There are some things you just can’t buy in a store. Sometimes you can get them at a yard sale or flea market, but you have to wonder about the item’s history. Who did it belong to before you? What did it mean to them, and what would they do to make sure that nobody else would ever have it?
My name is Michael Arangua.
I have been a believer. I have been a skeptic. My personal journey in life of long-winding and twisting roads, has shown me that ultimate truth lies somewhere in between popular opinion and urban legend. Too often in life, we take for granted that what people say is true without actually researching the facts for ourselves. Maybe that's because sometimes peering into the unknown is scary--there is an abyss of unknown knowledge and a cavern of unanswered questions for every "fact" we establish. It's much easier to believe official reports and conspiracy theories propagated by others rather than to piece together bits of the puzzle by using our own logical minds. Growing up, I studied religion, law, psychology and creative writing--diverse subjects that helped me to see the bigger picture when it came to absolute truth.
In my OOPARTS (out of place artifacts) book, for example, I didn't want to dogmatically tell readers what is what, or how to feel about the facts and fictions behind OOPARTS. I simply wanted to show you two sides of the story--conflicting lines of evidence that will make believers scoff and give skeptics a brain-teaser of possibility. Remember that truth is multi-dimensional. Oftentimes what is "true" is not scientifically or historically provable but relative to our own prejudices, self-reassurances and stubborn adherence to our own system of logic.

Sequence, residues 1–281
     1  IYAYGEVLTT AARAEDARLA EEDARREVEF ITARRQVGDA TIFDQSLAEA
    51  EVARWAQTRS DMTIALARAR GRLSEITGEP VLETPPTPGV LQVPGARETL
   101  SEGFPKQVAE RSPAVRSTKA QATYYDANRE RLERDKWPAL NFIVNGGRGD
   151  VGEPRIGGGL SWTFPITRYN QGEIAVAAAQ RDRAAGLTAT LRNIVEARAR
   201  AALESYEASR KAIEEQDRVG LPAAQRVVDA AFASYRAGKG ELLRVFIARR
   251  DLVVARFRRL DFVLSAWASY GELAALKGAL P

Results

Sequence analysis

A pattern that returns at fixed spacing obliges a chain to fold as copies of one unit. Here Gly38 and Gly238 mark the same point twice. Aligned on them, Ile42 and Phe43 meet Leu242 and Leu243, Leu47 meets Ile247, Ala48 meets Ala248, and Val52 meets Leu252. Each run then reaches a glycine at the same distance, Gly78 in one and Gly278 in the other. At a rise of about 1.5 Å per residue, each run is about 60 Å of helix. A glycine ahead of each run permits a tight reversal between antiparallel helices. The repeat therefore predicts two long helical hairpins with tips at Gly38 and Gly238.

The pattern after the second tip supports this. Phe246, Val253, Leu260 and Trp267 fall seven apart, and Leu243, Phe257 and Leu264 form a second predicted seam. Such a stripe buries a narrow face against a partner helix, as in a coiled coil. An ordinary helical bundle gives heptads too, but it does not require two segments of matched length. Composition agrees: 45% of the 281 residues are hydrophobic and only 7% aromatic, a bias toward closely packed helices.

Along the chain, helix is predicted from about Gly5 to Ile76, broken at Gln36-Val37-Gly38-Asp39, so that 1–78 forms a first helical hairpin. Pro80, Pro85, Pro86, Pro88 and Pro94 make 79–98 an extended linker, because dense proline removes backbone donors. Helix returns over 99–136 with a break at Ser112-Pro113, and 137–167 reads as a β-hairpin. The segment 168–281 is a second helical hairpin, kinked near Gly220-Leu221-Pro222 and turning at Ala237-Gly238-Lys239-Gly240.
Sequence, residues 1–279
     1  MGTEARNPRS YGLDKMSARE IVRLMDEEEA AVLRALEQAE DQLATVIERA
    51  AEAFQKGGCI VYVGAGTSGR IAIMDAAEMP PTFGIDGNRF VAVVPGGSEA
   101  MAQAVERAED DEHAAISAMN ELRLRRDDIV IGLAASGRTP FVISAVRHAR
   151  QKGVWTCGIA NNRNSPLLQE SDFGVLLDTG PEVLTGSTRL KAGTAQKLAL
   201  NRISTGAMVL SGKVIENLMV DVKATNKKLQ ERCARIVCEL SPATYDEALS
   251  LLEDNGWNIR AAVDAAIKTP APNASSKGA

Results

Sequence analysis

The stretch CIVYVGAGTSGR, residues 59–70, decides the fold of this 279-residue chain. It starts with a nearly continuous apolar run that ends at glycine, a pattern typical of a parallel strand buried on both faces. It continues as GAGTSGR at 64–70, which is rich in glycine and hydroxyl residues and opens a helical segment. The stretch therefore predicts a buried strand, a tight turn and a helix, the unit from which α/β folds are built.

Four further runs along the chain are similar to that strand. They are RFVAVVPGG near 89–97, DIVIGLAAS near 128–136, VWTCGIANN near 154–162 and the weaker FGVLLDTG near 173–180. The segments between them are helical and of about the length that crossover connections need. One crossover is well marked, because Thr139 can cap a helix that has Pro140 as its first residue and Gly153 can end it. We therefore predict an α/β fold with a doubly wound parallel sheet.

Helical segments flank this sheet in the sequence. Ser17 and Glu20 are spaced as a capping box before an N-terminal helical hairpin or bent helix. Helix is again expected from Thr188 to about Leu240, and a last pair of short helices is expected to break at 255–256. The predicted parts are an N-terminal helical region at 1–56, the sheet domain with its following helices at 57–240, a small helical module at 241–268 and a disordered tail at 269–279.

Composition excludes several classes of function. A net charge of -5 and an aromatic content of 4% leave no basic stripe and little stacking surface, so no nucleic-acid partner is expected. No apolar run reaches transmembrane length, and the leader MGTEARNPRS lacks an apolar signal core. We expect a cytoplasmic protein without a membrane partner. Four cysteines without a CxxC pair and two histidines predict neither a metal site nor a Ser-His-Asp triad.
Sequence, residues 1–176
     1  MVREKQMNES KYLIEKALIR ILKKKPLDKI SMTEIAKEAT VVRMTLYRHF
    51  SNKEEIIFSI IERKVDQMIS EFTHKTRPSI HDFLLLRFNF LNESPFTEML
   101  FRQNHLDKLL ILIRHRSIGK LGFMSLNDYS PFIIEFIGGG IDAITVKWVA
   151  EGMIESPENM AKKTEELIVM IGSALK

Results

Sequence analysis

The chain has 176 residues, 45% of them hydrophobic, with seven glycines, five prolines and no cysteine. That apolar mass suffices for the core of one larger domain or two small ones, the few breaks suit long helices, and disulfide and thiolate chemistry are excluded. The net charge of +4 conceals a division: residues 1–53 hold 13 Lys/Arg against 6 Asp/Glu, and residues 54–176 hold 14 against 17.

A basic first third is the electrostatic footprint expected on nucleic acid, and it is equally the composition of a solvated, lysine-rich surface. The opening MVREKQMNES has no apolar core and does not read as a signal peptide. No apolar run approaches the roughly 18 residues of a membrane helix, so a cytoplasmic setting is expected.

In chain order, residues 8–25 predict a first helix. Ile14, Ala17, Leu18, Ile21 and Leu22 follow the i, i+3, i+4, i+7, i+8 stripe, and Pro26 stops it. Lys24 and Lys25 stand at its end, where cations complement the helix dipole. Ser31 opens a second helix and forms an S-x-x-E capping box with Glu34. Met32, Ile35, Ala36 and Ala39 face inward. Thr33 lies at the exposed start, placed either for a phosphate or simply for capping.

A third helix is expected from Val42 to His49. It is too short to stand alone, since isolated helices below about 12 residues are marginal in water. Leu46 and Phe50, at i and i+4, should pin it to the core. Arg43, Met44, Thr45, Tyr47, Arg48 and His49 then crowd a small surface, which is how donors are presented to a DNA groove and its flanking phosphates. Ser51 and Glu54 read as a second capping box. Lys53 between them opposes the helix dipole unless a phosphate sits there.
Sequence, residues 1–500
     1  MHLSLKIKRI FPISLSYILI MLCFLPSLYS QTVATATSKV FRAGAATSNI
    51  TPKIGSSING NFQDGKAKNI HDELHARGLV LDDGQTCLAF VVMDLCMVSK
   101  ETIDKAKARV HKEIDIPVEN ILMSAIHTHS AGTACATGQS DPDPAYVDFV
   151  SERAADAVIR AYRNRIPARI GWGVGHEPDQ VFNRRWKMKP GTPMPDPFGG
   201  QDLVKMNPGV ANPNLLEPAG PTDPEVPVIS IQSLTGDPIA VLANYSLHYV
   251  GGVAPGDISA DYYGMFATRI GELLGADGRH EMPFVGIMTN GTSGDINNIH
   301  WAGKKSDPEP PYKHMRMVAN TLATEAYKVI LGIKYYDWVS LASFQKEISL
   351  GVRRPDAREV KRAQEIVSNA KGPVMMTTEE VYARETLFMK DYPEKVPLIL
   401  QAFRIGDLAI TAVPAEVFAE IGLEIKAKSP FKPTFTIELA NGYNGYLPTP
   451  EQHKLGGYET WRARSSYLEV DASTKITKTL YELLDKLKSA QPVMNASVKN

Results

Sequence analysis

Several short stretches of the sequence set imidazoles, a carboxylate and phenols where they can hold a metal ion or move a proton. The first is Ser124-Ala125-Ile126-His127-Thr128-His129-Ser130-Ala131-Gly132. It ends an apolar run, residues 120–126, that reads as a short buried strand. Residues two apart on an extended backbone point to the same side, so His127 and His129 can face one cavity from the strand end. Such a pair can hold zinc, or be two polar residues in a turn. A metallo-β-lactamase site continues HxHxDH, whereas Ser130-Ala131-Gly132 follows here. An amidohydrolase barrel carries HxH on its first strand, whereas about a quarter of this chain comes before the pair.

I first became interested in ooparts and anomalies of science and history about the same time as I began researching the supernatural. Stories of the fantastic, strange and otherworldly have existed at every point in human history. We have never disproved the supernatural, nor have we ever fully investigated these mysterious sciences in order to uncover more startling revelations. What has always intrigued me is that for every established fact we read, there are numerous alternative explanations out there being handed derisive labels such as "revisionist history", "pseudo-science" or "conspiracy theory." The only thing these labels mean to me (I generally being a skeptic who doesn't believe anything anyone tells me) is "the unknown element." Entertaining all possibilities doesn't make me a believer in tall takes. I simply accept that there will always be an unknown element in every narrative. If investigating new claims and questions makes us uncomfortable, and makes us desperate to discredit anyone who speaks against the established story, then that is contrary to the true nature of science and learning. Close-mindedness is the end of learning.
It is my aim in everything I write to help teach others to question mainstream opinion and to grow in knowledge because of the journey. In the end, learning new perspectives, facts and theories will only strengthen your core beliefs, or perhaps will help you find new angles to expand your thinking in ways you've never thought about. You have nothing to lose by learning, and there is no reason for fear. There are worlds of knowledge currently unknown to us and the only way we can discover them is to take a journey and begin exploring.